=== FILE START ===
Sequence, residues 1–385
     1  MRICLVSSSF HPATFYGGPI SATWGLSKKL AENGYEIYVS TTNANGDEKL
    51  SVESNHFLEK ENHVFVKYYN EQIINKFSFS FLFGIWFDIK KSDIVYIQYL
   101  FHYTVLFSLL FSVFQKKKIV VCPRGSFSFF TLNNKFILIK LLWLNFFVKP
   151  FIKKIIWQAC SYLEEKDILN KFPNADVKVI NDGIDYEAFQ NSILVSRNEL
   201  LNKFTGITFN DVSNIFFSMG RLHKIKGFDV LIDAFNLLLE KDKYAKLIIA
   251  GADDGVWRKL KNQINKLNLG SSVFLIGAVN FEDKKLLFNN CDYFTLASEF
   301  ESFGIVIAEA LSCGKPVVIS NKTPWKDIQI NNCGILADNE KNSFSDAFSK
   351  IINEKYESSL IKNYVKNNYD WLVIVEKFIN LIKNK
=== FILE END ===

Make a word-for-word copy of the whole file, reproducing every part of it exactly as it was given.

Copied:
Sequence, residues 1–385
     1  MRICLVSSSF HPATFYGGPI SATWGLSKKL AENGYEIYVS TTNANGDEKL
    51  SVESNHFLEK ENHVFVKYYN EQIINKFSFS FLFGIWFDIK KSDIVYIQYL
   101  FHYTVLFSLL FSVFQKKKIV VCPRGSFSFF TLNNKFILIK LLWLNFFVKP
   151  FIKKIIWQAC SYLEEKDILN KFPNADVKVI NDGIDYEAFQ NSILVSRNEL
   201  LNKFTGITFN DVSNIFFSMG RLHKIKGFDV LIDAFNLLLE KDKYAKLIIA
   251  GADDGVWRKL KNQINKLNLG SSVFLIGAVN FEDKKLLFNN CDYFTLASEF
   301  ESFGIVIAEA LSCGKPVVIS NKTPWKDIQI NNCGILADNE KNSFSDAFSK
   351  IINEKYESSL IKNYVKNNYD WLVIVEKFIN LIKNK